The blockade imposed on Qatar by several of its neighboring Arab nations has had no impact on war efforts against the Islamic State from the United States’ largest base in the Middle East, but it is affecting the Pentagon’s long-term planning, a U.S. defense official said Friday.
Navy Capt. Jeff Davis, the Pentagon spokesman, said operations at Al-Udeid Air Base in the tiny desert nation on the Persian Gulf “have not been interrupted or curtailed.” The United States runs its air wars in Iraq, Syria and Afghanistan from Al-Udeid, which hosts more than 11,000 American troops.
“Qatar remains critical for coalition air operations in the fight against ISIS and around the region,” he said.
Davis’ comment came shortly after Secretary of State Rex Tillerson said during an address from the State Department that the blockade was hindering American military efforts and operations against ISIS. Tillerson called on Saudi Arabia, Egypt, the United Arab Emirates and Bahrain to “ease” their blockade on Qatar, which they have accused of supporting terrorist organizations and working with Iran.
The Pentagon has continuously played down the impact that the blockade has had on the U.S. military. Just about an hour before the comments made by Tillerson, who did not take questions from reporters, Davis told reporters at the Pentagon that operations from Al-Udeid continued as normal and supplies were moving into the base as normal.
The Defense Logistics Agency is looking at several contingency plans for a worse-case scenario, he added.
“But at this point, there’s been no impact to our operations,” Davis said. “It has not had an impact at all.”
Saudi Arabia, Egypt, the United Arab Emirates and Bahrain cut diplomatic ties with Qatar on Monday accusing the nation of supporting the Muslim Brotherhood, funding al-Qaida fighters in Syria and working with Iran.
President Donald Trump on Tuesday thanked Saudi Arabia, which has in the past been accused of funding terrorist groups, for helping combat terrorism and called out Qatar on the allegations levied against it.
“Qatar, we want you back among the unity of responsible nations,” Trump said at the White House. “We ask Qatar and other nations around the region to do more and do it faster.”
Washington has been suspicious of Qatar’s support for Islamic militant groups going back to the George W. Bush administration, even as the American military rooted itself at Al-Udeid.
Defense Secretary Jim Mattis has played down the divisions among Gulf States and he said the fight against ISIS would move forward without impact.
“I am positive there will be no implications coming out of this dramatic situation at all, and I say that based on the commitment that each of these nations, that you just referred to, have made to this fight,” Mattis said in Australia on Monday in his only public comments on the issue.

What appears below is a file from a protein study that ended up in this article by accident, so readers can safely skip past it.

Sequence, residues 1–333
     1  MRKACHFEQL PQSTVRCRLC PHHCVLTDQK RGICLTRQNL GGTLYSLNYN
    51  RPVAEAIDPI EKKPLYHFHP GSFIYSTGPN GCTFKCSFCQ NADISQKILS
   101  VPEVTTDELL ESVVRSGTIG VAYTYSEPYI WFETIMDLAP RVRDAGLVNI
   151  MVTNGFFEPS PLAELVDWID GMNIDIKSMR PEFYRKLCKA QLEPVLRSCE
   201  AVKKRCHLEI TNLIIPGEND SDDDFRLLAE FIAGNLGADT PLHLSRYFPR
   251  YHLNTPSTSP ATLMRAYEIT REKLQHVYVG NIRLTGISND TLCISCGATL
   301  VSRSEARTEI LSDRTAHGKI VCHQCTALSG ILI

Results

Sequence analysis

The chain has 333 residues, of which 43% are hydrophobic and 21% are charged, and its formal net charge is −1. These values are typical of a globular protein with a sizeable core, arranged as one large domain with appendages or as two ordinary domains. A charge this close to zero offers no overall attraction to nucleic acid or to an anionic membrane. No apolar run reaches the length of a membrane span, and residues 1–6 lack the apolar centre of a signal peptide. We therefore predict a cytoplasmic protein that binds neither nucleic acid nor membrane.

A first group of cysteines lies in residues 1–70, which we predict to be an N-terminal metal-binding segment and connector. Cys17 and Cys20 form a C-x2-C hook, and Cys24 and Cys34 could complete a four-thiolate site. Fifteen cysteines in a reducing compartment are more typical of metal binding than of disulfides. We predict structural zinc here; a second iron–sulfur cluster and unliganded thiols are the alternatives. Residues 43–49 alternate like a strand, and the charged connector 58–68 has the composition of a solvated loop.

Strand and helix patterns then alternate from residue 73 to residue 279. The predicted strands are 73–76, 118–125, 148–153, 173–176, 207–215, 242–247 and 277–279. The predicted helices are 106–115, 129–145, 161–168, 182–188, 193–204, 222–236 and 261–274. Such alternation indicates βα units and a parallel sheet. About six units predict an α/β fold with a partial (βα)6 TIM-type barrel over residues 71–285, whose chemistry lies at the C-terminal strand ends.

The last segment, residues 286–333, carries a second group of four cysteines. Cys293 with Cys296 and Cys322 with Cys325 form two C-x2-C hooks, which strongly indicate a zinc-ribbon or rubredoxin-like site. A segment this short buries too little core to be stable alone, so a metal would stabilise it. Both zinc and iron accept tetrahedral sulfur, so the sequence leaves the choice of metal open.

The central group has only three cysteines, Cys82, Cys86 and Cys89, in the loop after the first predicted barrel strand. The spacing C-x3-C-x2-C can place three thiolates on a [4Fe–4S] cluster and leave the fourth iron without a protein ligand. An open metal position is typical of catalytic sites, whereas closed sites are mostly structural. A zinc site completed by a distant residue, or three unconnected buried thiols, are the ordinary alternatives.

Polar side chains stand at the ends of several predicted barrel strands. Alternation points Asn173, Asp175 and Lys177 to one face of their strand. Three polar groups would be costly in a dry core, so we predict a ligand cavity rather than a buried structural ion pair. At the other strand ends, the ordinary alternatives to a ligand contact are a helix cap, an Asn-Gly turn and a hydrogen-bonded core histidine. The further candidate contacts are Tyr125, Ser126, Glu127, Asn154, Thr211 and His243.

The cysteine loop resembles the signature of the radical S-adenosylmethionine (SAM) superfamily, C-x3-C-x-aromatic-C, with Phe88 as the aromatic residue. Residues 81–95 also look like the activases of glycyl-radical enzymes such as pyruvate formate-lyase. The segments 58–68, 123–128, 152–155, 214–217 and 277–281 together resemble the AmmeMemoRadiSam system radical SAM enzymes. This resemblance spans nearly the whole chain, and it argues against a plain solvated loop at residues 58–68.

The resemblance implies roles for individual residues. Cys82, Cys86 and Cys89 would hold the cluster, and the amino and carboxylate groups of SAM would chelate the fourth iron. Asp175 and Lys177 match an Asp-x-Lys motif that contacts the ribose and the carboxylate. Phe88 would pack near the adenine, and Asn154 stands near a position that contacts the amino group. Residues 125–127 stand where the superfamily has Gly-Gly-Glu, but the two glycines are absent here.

President Donald Trump announced in December that he would withdraw all U.S. troops from Syria, but Sen. Lindsey Graham has since made a strong push to keep a small residual force along the Turkish border along with troops from European allies.
The former Navy SEAL among a group of eight men arrested earlier this week in Port-au-Prince on weapons charges says he was providing security work "for people who are directly connected to the current President" of Haiti.
"We were being used as pawns in a public fight between him and the current Prime Minister of Haiti," said Chris Osman, 44, in a post on Instagram Friday. "We were not released we were in fact rescued."
It's a photo for the ages: a Marine NCO, a Greek god in his dress blues, catches the eye of a lovely young woman as her boyfriend urges her on in distress. It's the photographic ancestor of the much-loved "distracted boyfriend" stock photo meme, made even sweeter by the fact that this is clearly a sailor about to lose his girl to a Devil Dog.
Well, this photo and the Marine in it, which hopscotched around Marine Corps Facebook and Instagram pages before skyrocketing to the front page of Reddit on Thursday, are very real.
The photo shows then-Staff Sgt. Louis A. Capozzoli — and he is absolutely not on his way to steal your girl.
MAPLE, N.C. -- A maritime center with a pool big enough to hold a small ship and simulate hurricane conditions is set to open in Currituck County, North Carolina, in two years. It will serve to train groups such as special forces, law enforcement and offshore wind crews.